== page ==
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The city of Wayne has agreed to pay $45,000 to settle with a man who sued after police officers forced him to go to a hospital or be jailed after responding to a call to check on him when he was seen rolling around in his own yard screaming. 

Jeff Olsufka's attorney, Adam Sipple, said the case was important because it addressed the "often abused" community-caretaking exception to the Constitution’s warrant requirement.

Under the exception, law enforcement officers can enter a home or yard without a warrant when they have reasonable belief that an emergency exists requiring an officer's attention. For instance, when someone is in danger. 

The city argued the case should be dismissed because that's what the officers were doing on the evening of Aug. 18, 2019, after a neighbor called police to check on Olsufka, who had been working in his yard, became dehydrated and fell to the ground.

When Sgt. Brian Swanson and a second officer showed up, they immediately asked if Olsufka was under the influence. He denied it, saying he had a history of seizures and just needed to go inside and drink some water. He stood up and said he was fine.

But police detained him, and Swanson threw him to the ground and put him in handcuffs when he took a few steps toward his home, according to court records.

Ultimately, after talking with Wayne Police Chief Marlen Chinn, Swanson told Olsufka police  would arrest him for disturbing the peace if he didn't agree to a blood screen at a hospital. After many objections, he agreed, and the tests confirmed he was dehydrated and not under the influence.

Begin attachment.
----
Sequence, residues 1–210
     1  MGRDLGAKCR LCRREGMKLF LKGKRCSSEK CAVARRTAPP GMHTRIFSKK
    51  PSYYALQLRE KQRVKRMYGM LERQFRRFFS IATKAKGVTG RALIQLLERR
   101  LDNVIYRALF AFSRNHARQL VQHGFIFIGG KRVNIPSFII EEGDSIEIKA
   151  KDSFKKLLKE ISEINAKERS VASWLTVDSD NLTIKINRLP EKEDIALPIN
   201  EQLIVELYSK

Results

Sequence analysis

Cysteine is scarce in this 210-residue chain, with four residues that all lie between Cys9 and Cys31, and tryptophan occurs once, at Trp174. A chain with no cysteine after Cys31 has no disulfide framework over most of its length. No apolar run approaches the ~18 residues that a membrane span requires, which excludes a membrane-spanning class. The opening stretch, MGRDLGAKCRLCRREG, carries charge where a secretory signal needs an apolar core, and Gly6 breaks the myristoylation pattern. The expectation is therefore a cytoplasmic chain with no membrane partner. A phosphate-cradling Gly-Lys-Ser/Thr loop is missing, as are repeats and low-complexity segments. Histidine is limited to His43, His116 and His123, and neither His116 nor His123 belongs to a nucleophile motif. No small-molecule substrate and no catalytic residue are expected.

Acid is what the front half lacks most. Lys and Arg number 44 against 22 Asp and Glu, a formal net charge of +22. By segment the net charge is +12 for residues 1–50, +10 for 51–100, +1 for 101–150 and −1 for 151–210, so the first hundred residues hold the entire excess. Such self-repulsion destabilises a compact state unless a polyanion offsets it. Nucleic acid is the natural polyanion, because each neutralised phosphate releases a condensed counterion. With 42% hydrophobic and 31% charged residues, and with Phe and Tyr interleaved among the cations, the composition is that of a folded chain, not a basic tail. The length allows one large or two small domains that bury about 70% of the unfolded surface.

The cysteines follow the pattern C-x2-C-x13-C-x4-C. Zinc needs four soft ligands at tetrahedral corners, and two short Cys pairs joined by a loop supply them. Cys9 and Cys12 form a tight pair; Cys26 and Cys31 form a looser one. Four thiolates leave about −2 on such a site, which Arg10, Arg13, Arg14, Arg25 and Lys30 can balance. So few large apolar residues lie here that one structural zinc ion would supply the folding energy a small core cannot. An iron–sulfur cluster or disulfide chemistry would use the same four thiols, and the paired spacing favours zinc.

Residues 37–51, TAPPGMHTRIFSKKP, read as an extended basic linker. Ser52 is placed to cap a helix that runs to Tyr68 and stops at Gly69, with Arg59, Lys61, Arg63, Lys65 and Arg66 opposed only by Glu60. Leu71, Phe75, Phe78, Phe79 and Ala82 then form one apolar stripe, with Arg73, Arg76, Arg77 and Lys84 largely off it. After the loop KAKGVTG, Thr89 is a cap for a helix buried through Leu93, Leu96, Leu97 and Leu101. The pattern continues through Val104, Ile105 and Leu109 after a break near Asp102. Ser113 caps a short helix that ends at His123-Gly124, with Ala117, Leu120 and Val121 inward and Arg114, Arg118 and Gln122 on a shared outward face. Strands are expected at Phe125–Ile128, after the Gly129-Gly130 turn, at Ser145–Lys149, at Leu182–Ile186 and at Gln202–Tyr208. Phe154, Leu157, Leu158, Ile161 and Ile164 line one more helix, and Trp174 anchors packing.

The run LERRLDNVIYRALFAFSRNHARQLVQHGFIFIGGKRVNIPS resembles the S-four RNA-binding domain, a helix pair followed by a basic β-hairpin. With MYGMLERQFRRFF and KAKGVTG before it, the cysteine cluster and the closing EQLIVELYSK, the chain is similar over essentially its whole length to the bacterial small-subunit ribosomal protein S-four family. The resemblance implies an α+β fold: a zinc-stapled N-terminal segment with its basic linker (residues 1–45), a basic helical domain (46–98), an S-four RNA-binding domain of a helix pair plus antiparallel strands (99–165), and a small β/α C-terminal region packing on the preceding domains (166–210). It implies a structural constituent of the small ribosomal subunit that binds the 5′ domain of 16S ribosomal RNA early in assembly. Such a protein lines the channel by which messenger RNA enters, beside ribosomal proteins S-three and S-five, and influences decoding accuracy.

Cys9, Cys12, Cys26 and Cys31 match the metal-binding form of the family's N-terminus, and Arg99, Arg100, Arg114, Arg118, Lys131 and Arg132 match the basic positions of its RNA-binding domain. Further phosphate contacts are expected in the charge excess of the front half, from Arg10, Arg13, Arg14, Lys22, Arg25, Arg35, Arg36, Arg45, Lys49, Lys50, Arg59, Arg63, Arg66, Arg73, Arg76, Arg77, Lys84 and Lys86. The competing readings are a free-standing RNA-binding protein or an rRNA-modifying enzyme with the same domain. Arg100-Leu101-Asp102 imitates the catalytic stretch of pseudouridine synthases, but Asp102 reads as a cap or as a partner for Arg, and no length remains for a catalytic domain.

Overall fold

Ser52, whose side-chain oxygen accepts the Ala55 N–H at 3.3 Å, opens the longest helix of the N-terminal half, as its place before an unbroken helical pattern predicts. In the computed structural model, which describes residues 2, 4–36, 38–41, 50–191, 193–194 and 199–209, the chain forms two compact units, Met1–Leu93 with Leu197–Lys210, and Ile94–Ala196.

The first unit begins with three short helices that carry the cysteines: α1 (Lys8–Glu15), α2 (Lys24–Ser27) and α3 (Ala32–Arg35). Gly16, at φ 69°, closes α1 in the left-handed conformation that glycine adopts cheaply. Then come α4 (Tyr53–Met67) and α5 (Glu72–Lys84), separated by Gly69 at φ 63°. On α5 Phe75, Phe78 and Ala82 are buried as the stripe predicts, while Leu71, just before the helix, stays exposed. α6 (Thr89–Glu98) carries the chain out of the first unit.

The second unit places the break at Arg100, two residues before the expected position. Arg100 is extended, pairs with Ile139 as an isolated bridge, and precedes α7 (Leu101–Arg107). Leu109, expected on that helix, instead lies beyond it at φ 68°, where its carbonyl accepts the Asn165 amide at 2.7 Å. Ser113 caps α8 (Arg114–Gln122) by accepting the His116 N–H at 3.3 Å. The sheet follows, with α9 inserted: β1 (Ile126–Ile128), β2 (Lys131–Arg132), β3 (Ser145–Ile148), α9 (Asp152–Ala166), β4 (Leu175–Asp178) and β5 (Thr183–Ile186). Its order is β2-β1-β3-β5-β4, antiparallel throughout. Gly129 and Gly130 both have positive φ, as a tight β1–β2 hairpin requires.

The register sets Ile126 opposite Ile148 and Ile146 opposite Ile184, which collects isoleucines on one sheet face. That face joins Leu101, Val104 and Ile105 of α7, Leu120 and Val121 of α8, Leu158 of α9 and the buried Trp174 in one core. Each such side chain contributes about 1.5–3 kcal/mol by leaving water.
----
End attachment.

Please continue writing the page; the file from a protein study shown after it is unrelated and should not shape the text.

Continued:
Then, police refused to pay the bill, so Olsufka sued.

"If Wayne police wanted to help Jeff they would have let him have a glass of water to treat his dehydration, rather than forcing him to submit to drug testing,” Sipple said this week.

Last month's settlement followed an order in October where U.S. District Judge John Gerrard refused to dismiss the case, saying there were questions for a jury to answer.

He said it was Olsufka's Fourth Amendment right to be left alone on his own property absent a reasonable belief of an emergency requiring medical care.

"The community caretaking exception doesn't operate to allow police officers to remain on an individual's curtilage without a warrant because an individual was belligerent or uncooperative in the absence of an emergency, or the need to protect the person or others," the judge said.   

During a nearly 10-minute period, Olsufka had calmly conversed with the officers. As the situation devolved, he insulted the officers, but only after he was taken down and handcuffed did his insults become much louder and laced with profanity, the judge said.

Even then, Olsufka didn't resist or make threats toward the officers, or anyone else. 

"The evidence viewed in the plaintiff's favor suggests that the options Chinn (the police chief) and Swanson gave the plaintiff were a choice as to how he wanted his Fourth Amendment rights violated. He could consent to a warrantless search of his person, or go to jail for a highly questionable charge of disturbing the peace," Gerrard wrote.

Mark Fitzgerald, the attorney for the city, didn't return a request for comment. Wayne, population 5,500, is 30 miles northeast of Norfolk.

Lincoln's oddest court stories of 2021

Reporter Lori Pilger reviews hundreds of court cases each year. Here are five of the oddest stories from 2021.

Reach the writer at 402-473-7237 or lpilger@journalstar.com.

On Twitter @LJSpilger

This article originally ran on journalstar.com.

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